Riot Games, Inc. v. Stefan Delgado Argote et al
Case number 2:16-cv-05871
District Court for the Central District of California
Decided: March 1st 2017

In August 2016, California-based Riot Games, Inc. sued the makers of a service called LeagueSharp. LeagueSharp was a software product that was designed to allow players to hack Riot’s game “League of Legends.” The complaint claimed that the software allowed players to see hidden information, play an automated version of their game and accelerate through the game faster than would be otherwise possible for a human player. Riot alleged that selling the product violated the Digital Millennium Copyright Act because it was technology that was specifically designed to dodge Riot’s anti-cheat software. The suit was filed against three individuals as well as Chachani Mistie y Pichu Pichu SRI, which is a Peru-based company. It was allegedly a shell company formed by the makers of LeagueSharp in order to evade liability. Alleged violations included trafficking in circumvention devices, an unfair competition claim, and intentional interference with contractual relations.

The complaint alleged that LeagueSharp charged customers a $15 fee per month in order to obtain and use its service. The complaint alleges that LeagueSharp also offered a separate “botting service” for $50 per month which allowed users to automate multiple accounts simultaneously.“League of Legends” is free to play, but players win in-game currency in successful matches that can be used to purchase new characters. Players can also purchase “skins” for their characters, giving them a new look or new phrases to say with some themed according to holidays or fictional works. In addition to harming the gaming community, Riot Games claimed that the operators of LeagueSharp attacked its servers and advised customers to dispute in-game transactions fraudulently. When Riot tried to resolve these problems by reaching out directly to LeagueSharp’s creators, the creators allegedly didn’t respond and then leaked an employee’s private information.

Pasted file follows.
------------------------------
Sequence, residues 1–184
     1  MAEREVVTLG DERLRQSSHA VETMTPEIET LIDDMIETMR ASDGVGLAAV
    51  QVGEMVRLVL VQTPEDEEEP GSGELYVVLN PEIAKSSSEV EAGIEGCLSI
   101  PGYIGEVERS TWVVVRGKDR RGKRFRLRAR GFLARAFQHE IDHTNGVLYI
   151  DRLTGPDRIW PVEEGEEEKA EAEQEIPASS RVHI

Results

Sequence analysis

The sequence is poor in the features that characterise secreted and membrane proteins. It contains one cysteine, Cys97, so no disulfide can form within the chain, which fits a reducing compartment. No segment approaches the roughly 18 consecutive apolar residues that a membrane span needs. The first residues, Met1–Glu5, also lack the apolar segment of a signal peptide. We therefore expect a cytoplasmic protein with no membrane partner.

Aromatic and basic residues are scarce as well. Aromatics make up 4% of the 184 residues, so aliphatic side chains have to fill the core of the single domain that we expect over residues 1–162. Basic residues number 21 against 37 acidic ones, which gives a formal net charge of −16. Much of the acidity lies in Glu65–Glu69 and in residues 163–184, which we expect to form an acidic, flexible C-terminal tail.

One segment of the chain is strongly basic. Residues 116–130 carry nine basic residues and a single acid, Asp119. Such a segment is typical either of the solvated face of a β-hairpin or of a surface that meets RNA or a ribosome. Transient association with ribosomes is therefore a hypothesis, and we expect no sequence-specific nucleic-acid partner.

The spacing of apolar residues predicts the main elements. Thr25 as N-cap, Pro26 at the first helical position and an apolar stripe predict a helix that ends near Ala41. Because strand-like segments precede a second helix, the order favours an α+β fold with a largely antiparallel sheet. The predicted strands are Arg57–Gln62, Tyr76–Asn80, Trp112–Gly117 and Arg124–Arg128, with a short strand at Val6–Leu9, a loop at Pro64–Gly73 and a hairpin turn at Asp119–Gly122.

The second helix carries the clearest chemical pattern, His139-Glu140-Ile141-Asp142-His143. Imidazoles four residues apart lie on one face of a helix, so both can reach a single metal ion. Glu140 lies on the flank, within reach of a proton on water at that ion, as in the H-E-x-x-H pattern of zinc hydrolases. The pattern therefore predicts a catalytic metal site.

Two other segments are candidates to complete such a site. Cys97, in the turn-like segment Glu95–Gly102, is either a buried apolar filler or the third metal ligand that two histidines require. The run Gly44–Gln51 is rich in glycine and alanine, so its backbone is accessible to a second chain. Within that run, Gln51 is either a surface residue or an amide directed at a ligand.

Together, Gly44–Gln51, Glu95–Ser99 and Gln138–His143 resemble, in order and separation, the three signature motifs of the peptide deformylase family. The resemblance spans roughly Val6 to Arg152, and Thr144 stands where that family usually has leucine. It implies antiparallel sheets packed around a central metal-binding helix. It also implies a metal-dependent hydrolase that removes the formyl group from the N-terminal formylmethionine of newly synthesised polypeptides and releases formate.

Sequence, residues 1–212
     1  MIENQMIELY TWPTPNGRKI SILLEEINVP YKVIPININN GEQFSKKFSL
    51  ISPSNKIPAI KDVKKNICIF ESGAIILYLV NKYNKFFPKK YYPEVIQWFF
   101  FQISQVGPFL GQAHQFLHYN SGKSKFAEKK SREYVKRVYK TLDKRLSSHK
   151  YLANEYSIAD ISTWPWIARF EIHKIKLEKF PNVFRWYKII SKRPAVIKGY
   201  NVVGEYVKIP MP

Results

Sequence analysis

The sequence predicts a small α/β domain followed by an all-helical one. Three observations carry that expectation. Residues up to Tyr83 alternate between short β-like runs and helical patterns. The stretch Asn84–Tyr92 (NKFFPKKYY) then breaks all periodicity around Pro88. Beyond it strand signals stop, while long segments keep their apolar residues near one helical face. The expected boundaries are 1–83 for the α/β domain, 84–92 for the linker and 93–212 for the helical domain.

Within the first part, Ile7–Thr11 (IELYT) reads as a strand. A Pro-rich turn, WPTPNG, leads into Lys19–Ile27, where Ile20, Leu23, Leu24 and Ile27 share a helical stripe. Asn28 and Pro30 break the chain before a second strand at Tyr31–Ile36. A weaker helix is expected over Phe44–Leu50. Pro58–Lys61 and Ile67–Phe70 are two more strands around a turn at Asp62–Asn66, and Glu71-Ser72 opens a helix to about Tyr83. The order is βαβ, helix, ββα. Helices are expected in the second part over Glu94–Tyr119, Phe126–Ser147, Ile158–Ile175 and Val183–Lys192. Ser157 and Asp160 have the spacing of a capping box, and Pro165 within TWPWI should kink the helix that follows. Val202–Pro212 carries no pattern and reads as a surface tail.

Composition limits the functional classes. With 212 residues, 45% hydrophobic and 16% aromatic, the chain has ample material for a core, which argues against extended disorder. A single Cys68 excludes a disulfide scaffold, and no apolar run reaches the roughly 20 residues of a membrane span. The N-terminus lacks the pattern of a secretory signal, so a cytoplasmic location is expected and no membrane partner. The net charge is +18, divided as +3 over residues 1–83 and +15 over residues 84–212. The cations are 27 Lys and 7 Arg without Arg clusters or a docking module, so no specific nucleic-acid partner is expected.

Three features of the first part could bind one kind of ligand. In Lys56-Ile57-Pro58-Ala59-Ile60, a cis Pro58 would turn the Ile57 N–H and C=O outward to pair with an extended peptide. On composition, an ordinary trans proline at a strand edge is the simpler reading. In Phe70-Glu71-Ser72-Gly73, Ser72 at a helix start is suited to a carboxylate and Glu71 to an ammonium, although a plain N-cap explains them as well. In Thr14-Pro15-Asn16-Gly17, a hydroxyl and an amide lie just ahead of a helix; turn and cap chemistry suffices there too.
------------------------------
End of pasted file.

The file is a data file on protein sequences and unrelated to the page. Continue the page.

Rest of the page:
On March 1st, 2017, Riot received both a $10 million payout and a court-ordered ban on the makers of LeagueSharp. The parties reached a confidential settlement that will govern the release of the $10 million judgment, but the judgment amount was made public by U.S. District Judge Ronald S.W. Lew during the March 1st filing. Judge Lew signed off on the injunction and settlement, which call for the makers of the software to never play a Riot game again and relinquish control over the websites used to sell the software, among other provisions. The terms of settlement appear similar to a previous cases, MDY v. Donnely, and Jagex Limited v. Impulse Software et al.

Like countless other video games – whether on a PC, gaming console, or mobile device – League of Legends has been plagued with cheaters and bots. On top of causing unfairness in the game, aggressive botting and cheating third party software can take up large amounts of precious server resources. Freeing those resources can potentially allow increased reliability and performance benefits. Dealing with this issue can also have an opportunity cost. Developers could possibly have to spend time dealing with cheaters that they could have spent developing new features. While motives leading to cheating in games can vary from competitive gaming to exploitative commercial ventures, cases such as these indicate that there is a substantial amount of money on the line to control the rampant spread of third party software.

Additional Research By: Rachel Johns